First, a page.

For starters, we'll begin with undefined and null.

Notice that in the first case, the equality operator is returning a value of the comparison after performing type coercion. That is, the interpreter is making its best guess as to what we mean when performing this comparison.

In the second case, we're using the strict equality operator. In this case, no type coercion occurs. Instead, it's taking the values exactly as they are and comparing them.

Next, let's take a look at declaring a variable, not assigning it a value, and then running a comparison.

As you can see, thing's start to get a little more complicated when we begin to declare and compare variables with or without values.

Once we start introducing strings, numbers, and boolean values it can get even more complicated. First, let's start with strings and numbers. We'll begin by declaring a variable with a string value of 42 and a number with the 42 and then we'll perform our comparisons.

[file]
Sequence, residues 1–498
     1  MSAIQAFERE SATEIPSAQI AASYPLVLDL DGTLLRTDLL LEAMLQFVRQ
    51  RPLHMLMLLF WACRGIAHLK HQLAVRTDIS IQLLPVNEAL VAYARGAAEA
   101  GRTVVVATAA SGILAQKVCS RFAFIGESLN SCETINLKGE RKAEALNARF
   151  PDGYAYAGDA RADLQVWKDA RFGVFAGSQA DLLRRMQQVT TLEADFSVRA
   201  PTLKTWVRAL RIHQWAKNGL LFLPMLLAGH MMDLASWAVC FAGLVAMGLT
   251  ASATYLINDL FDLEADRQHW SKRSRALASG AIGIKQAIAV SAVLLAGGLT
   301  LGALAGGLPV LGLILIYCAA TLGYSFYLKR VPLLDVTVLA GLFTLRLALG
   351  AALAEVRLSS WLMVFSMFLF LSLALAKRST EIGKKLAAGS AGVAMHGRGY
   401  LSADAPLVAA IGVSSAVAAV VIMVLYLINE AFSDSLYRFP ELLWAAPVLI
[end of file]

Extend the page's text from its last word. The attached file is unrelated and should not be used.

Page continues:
Again, notice in the first case, the interpreter attempts to coerce the values from the variables and then compare them. In the first case, it works - we're comparing a string value of 42 to a number value of 42, but when we use the strict equality comparison and get false.

The second case is technically more accurate because the first value is a string and the second is a number. Comparing two values of different types should always yield false.

Though we've taken a look at this in a previous article, what about the case of numbers and booleans?

At this point, you should begin noticing a pattern: whenever you're comparing values of different types, JavaScript may correctly coerce values, but it yields the most accurate result when you use the strict equality operator.

Finally, let's look at an example that combines strings, numbers, and booleans.

Note that these are basic comparisons; however, when done in the context of an if/else or if/else if/else you see how it can disrupt the flow of control through the conditional.